For some time I was surrounded by so many “enthusiastic” people working in that industry, it always made me feel as if I should beat myself up for not being able to enjoy it as much as they supposedly do. However, it took couple of years to realise that it was never me. Also, it wasn’t the people, nor the companies I worked for. There is simply no need to point fingers, because our Worlds, expectations and mindsets differ in so many ways. Still, I had a good excuse for staying in “my own hell”.
Having in mind that by the time I started ‘swimming in these seas’ I was already skilled in many fields – finding a full-time job, was always a piece of cake. Staying in it however… was one of the greatest professional battles I have ever battled. In that battle I won and nobody really lost.
If I wanted to live abroad, staying in advertising agencies was the fastest option to get Visa approved, I was very aware of that. But being aware of it didn’t change the fact that I had to break some parts of my brain body in order to submit to certain rules of the way this industry is forced to operate under and the reason I make this sound so harsh, is because for me staying was really painful, for one big reason:
I simply started out my career as something that is popular today and wasn’t so popular back then:
Freelancing. Back in the 2005, freelancing was another name for “oh…you’re just jobless”. We came out of a generation of parents who got full-time job after finishing their universities, and that was expected from us as well. I got my first paid project at the age of 16, I already had a good client, doing illustrations for MENSA (Serbia). Quickly after that portfolio grew, getting me more work, now even worldwide. It was good small amount of month cashflow at that age. By the age of 19 I won an award for the best poster for Music Festival organised by my city and realised I could really live off my career, without sitting in an office. After I finished one of biggest jobs at that time, I got hired for 2 more festivals, where I was the only creative, so everything depended on me, which is really bad for your cortisol levels, but good for your teenage self-confidence.
Naturally – making a living out of something I always loved, brought an adrenaline rush, but also I started to love the lifestyle around it. Living in an organised mess for me was like a drug. I would wait for the meeting early on workdays and watch people rush to work, I had a cup of coffee in my hand and I wasn’t part of that 9-5 World. It was pleasure realising that. Sometimes my days looked all the same, but it was always in my power to change that.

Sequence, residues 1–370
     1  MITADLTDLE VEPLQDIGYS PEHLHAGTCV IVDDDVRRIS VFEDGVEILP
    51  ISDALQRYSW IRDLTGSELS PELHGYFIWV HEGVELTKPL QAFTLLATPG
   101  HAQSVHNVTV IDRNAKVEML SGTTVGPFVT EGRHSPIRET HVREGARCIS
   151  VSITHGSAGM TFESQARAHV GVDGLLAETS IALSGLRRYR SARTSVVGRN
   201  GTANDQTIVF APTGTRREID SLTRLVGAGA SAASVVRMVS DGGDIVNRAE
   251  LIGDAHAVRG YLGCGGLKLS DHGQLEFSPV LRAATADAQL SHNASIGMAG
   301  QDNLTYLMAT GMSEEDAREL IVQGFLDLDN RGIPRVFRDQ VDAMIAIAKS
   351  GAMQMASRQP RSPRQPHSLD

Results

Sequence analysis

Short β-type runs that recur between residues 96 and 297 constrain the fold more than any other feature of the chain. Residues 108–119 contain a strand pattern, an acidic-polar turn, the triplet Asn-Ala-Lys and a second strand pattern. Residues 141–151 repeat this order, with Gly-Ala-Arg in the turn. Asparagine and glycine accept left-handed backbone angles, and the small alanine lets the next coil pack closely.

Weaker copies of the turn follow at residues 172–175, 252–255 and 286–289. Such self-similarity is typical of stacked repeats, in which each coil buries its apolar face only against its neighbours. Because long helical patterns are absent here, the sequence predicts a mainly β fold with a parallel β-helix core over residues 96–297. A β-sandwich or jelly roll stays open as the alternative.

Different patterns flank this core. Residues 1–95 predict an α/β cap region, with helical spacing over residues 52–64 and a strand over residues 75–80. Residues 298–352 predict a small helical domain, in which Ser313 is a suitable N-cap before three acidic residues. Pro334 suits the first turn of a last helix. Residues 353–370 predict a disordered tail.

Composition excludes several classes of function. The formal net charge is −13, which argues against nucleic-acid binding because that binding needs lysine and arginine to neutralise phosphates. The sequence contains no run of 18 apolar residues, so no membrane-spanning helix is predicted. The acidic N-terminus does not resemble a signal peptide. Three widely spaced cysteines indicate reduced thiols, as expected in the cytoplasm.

This continued, when I was hired to do apps for USA market, then app games came in… Back then when there was not so many app designers, not so much info available on the internet, I was accepting jobs I don’t even know how to do (yes, fuck it). I’d go to bed tired, but happy.
My first touch with the advertising, was in 2012, it was the agency in Vienna my husband Dusan was working at. I was hired by them to do this and that as a graphic designer / illustrator. As with every client, it was a challenge, but the agency was pretty relaxed about the way things are done as long as they are delivered at great quality and on time. My false thinking that this is the way every ad agency works everywhere, made me sure I wanna give it a chance. Without even realising it, I soon became that 9-5 running person myself and I was that person until 2017.
By the time I reached my fourth agency…I was ticking bomb ready to go off. All of them had a pattern.
Nine to five –
which is fiiiiine when you haven’t started out as a freelancer and been it for 5 years. It’s fine when you get out of the University where you’re sitting all the time, which was not the case with the schools I went to. It’s fine if you grew up influenced by the thought you should get a full time job, get a bank loan, have kids, get a car, steady income and all that social pressure shit. It’s perfectly fine if you just wanna work and go home, shut the doors and be with your family. Not fine for me, simply it isn’t. We’re all different.